Damages, the compensation awarded in personal injury law cases, are broken up into two main groups. These are compensatory and punitive damages. Personal injury attorneys have to deal with the issues related to the different types of damages, and it can be helpful for clients to understand those distinctions so let's take a look.
The goal of compensatory damages is to get things back to as close to even as possible. Personal injury lawyers understand that there's rarely a way for their clients' lives to get back to 100% of what they previously were. Consequently, the goal is to make up the difference.
A classic example is the award of damages to cover medical expenses. This means paying off the bills incurred in treating injuries, and it also covers expenses related to recovery, such as physical therapy.
Loss of earnings is another category of compensatory damages. Personal attorneys help their clients show how much money they've lost due to being hurt. They also present claims for the loss of future earning potential.
Pain and suffering are compensated, too. This is because American personal injury law accounts for the fact that injuries lead to losses in terms of agony, discomfort, and non-functionality.
Some states allow awards of damages for emotional distress. If someone has been traumatized by an event so badly that they can no longer deal with life normally, that may be compensable, too.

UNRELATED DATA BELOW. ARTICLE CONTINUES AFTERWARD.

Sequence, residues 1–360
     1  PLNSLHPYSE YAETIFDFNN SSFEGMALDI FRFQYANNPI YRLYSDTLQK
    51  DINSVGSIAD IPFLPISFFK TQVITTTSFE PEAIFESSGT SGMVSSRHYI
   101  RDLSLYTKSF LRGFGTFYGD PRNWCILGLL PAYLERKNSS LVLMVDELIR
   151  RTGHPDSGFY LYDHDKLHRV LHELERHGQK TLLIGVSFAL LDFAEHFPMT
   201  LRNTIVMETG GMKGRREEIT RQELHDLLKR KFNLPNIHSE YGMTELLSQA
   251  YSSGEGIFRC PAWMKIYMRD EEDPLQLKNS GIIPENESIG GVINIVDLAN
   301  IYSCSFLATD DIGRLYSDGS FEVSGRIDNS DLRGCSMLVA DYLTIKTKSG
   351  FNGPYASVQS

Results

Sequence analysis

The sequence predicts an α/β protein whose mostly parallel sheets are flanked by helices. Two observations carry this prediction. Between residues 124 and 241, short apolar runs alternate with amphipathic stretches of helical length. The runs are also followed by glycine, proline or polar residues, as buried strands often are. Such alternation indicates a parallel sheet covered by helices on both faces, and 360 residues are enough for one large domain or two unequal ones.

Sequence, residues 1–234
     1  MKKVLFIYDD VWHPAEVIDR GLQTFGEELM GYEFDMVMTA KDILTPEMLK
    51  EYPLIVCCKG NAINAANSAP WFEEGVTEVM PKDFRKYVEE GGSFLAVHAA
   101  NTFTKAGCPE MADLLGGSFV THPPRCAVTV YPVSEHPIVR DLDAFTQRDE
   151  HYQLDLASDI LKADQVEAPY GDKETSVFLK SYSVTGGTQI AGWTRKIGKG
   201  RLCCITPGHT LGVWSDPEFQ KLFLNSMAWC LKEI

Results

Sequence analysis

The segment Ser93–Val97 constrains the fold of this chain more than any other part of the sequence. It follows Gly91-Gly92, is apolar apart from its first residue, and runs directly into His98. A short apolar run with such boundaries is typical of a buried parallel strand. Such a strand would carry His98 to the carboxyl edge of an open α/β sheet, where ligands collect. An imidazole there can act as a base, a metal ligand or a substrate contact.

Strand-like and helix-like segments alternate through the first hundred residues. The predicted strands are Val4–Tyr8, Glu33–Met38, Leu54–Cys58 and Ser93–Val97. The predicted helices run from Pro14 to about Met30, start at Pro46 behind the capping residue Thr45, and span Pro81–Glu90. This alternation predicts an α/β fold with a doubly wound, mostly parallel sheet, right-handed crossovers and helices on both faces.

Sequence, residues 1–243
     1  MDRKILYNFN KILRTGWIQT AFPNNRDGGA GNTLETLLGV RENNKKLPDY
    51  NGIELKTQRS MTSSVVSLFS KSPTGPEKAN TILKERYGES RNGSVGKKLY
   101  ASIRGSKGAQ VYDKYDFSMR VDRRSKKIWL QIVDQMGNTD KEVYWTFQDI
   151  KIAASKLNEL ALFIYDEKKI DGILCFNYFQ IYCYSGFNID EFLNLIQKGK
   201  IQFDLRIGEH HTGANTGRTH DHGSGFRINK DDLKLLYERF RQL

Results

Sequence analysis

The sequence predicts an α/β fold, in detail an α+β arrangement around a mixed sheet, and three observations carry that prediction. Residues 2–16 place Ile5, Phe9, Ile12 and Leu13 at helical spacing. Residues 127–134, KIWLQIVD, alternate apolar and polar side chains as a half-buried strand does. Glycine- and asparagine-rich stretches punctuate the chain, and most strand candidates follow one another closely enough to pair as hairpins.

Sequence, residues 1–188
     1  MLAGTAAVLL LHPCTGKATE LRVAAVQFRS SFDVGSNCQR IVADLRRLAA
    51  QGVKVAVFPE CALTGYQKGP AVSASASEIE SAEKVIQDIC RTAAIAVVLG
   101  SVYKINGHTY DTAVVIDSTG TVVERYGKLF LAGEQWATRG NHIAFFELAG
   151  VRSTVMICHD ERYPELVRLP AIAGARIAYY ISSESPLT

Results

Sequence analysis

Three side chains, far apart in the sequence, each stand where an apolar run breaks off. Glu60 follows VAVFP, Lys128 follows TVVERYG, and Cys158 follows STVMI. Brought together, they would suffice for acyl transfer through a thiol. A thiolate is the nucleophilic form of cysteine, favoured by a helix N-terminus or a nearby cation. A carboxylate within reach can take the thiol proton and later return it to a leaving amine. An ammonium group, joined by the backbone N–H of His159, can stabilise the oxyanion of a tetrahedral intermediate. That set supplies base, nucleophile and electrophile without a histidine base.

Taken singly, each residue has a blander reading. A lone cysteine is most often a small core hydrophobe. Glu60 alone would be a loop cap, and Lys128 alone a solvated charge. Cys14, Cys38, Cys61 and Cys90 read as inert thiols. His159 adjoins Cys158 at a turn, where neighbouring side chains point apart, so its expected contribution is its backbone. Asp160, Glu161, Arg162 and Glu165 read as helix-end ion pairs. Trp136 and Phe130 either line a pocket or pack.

Loss of enjoyment is a form of compensation meant to address losing the benefits of simply living your life. If a person loses a hand and can no longer do woodworking, for example, the law appreciates that they should be compensated for that loss.
Finally, the loss of consortium covers the inability to be intimate with your spouse. It is understood that the decrease in the quality of your relationship due to an injury should be compensated.
These are damages intended to go beyond just making things right. The goal with punitive damages is to discourage certain forms of extreme behavior by hitting at-fault parties' bank accounts.
Personal injury lawyers aren't always going to seek punitive damages. For example, it's hard to prove that extreme conduct occurred in a typical slip-and-fall case.
Punitive damages are reserved for situations where at-fault parties should have known and done better. If an apartment building supervisor repeatedly refused to fix a rail because it was too expensive, someone injured using the stairs might seek punitive damages to make a point about ignoring problems.